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john cribbs


The same can't be said for The Wasp Woman. Corman films from the last 50's and early 60’s tend to fall in one of two categories: enjoyable B-thriller/comedies (The Little Shop of Horrors, X: The Man with the X-Ray Eyes) and lazy monster movies pieced together with crappy stock footage, derivative of whatever the last big creature feature was (It Conquered the World, Creature from the Haunted Sea). Not that the latter movies didn't have their charm – they all employ inventive low-budget effects and have rightly secured their cult status; I for one love the fact that they exist. But after seeing a genuinely tense exploitation film like Sorority Girl it was tough to get through The Wasp Woman, Corman's attempt to cash in on the success of 20th Century Fox's The Fly from the year before. Following a slow expository forty minutes, the formula throughout the second act is fairly tedious and unremarkable: attack, confusion, attack. Compared to the former film's amazing credit sequence, titles over a generic shot of a quilt of angry wasps didn't help (although Fred Katz's jazzy score is a lot of fun).

All that aside, the movie is actually a perfect companion piece to Sorority Girl*. In both films Cabot plays a character whose insecurity turns her into a monster, although she fits the more classic definition and racks up a higher body count in The Wasp Woman**. She plays cosmetics entrepreneur Janice Starlin, whose face launched the look and line of Starlin Enterprises when she was a fierce vixen of 22. Sixteen years older (hence the heavy glasses and lack of make-up – Cabot even employs some creative face scrunching) Janice is losing the fire she needs to keep her company's executives in check and beauty that drew customers to its ads (I have to admit, I was perplexed as to why they didn't just run ads featuring the older/younger photos of her – it's not like Wendy from Wendy's or Aunt Jemima updated their photos every couple of years). Lucky for her, a shady entomologist has been extracting enzymes from the royal jelly of queen wasps which he claims can reverse the aging process. Although it's still being tested on cats and guinea pigs, Janice steals into the lab and starts injecting more than the prescribed dosage. The serum makes her younger, the company's business skyrockets, the crazy scientist gets a healthy bonus, he marries Janice and they both move to Europe and live happily ever after.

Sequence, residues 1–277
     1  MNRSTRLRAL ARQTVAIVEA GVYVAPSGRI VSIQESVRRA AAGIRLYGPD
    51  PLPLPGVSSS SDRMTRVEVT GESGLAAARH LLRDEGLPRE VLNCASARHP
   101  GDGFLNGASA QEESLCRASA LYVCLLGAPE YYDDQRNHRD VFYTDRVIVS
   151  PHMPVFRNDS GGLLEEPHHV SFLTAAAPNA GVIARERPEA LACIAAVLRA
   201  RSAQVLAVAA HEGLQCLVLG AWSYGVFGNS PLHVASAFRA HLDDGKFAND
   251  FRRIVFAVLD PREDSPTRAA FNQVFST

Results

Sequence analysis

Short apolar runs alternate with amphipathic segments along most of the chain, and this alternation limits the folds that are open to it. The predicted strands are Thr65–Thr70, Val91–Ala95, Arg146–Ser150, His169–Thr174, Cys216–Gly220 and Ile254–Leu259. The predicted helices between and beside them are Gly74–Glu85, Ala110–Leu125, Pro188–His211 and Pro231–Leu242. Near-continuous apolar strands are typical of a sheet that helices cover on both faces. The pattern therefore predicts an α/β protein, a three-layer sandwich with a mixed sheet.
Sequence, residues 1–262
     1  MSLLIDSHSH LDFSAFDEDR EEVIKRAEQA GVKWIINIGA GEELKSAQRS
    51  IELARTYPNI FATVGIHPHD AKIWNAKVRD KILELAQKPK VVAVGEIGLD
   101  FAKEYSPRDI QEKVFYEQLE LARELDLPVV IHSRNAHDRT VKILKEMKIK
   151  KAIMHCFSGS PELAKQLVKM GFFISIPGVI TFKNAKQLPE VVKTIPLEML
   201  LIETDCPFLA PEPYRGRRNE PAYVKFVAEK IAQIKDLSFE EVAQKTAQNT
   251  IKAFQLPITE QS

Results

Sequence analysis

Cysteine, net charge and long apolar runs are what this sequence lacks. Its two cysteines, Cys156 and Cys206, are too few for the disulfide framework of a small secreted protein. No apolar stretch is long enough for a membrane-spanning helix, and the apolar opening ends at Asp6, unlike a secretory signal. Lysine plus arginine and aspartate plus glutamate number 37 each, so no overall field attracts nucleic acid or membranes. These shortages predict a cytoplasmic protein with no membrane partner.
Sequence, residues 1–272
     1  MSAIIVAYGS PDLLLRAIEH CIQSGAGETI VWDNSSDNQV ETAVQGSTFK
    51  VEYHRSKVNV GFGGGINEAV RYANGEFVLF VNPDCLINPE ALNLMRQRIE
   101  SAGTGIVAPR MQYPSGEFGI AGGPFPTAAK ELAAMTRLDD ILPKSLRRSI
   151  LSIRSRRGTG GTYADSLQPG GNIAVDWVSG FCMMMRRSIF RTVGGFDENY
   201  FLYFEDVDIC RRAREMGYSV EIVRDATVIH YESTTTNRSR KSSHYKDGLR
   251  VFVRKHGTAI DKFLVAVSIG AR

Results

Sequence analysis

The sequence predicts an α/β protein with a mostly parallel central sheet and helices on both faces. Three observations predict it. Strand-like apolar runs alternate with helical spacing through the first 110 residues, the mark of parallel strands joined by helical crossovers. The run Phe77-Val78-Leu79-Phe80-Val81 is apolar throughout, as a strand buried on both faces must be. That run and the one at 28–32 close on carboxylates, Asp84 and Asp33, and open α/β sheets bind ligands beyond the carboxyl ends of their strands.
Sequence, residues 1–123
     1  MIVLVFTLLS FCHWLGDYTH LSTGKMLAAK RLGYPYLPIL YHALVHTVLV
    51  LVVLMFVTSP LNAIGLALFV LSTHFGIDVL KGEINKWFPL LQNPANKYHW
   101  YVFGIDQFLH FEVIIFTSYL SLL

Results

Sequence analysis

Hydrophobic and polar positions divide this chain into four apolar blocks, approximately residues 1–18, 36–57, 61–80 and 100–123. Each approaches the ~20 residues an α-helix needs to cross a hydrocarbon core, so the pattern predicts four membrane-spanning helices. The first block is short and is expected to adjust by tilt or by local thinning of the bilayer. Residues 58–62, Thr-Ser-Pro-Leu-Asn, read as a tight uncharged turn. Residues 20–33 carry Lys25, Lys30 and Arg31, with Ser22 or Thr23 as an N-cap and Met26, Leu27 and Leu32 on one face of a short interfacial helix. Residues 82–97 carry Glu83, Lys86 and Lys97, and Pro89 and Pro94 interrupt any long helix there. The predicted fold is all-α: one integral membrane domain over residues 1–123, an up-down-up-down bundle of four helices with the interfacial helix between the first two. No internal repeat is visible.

Ok, we all know that's not what happens. Not spoiling too much, I can reveal that one of the previously mentioned characters transforms into a wasp monster with a human female body and the other ends up being killed by the monster. But I won't say which one – you'll have to see for yourself.

Although she's not "aged" very convincingly (just over 30 at the time, Cabot is fixed up with heavy eyebrows and an awkward haircut that’s a mix of Princess Leia and Gary Oldman's "butt-do" from Bram Stoker's Dracula), Janice's frustration over losing her once bankable looks is all over Cabot's fragile features. Like Sabra she's plagued by self-doubt and insecurity, forced to play the bully. In this case it's a corporate shell she has to wear to maintain her command as a woman in the business world - something that's simmered and dimmed with age and has to be regained. After her first transformation the desperation overwhelms her: "How old do I look? TELL ME! How old do I look?!" And as her Sorority Girl maneuvered and manipulated her way into being turned on by her fellow students, labeled inhuman - "something the sea cast out" - her Wasp Woman transforms into a creature that strikes out against every imagined enemy: her competitors, members of the board, her secretary. She meets a stickier end than Sabra, taking a vat of carbolic acid to the face and being hurled out the window. While filming this climatic battle, Cabot inhaled too much of the liquid smoke the effects guy poured on her mask and nearly suffocated. A crew member ripped off the mask (and some skin) just in time. It was the last movie she ever appeared in.

Cabot and Corman created on a small scale what William Castle and Joan Crawford achieved with their collaboration on Straight Jacket: the pairing of a schlock filmmaker offering more interesting roles and former Hollywood actress whose A-quality performance enhanced the material. Unfortunately, the Crawford connection extended to media speculation of a Mommie Dearest-esque relationship with son Timothy Roman. While he and Cabot lived as shut-ins, apparently inseparable, she was said to have forced him to take experimental growth hormones thought to have bad neurological side effects. When police arrived at the scene at 10:30 pm on December 10th, Timothy informed them that "a tall Latino with curly hair, dressed like a Japanese ninja warrior" had attacked the two of them using "ninja methods" and gotten away with $70,000 in cash. Within hours the truth emerged: he had bludgeoned her to death with a weight-lifting bar, possibly while she was asleep. He managed to convince the court that his mother lived a Norma Desmond lifestyle with a Delbert Ward sense of home decor and subjected him to "child abuse" (at the time, he was 22). He received a three-year suspended sentence and, when he got out, moved back into the house where he had murdered his own mother. He now blogs online.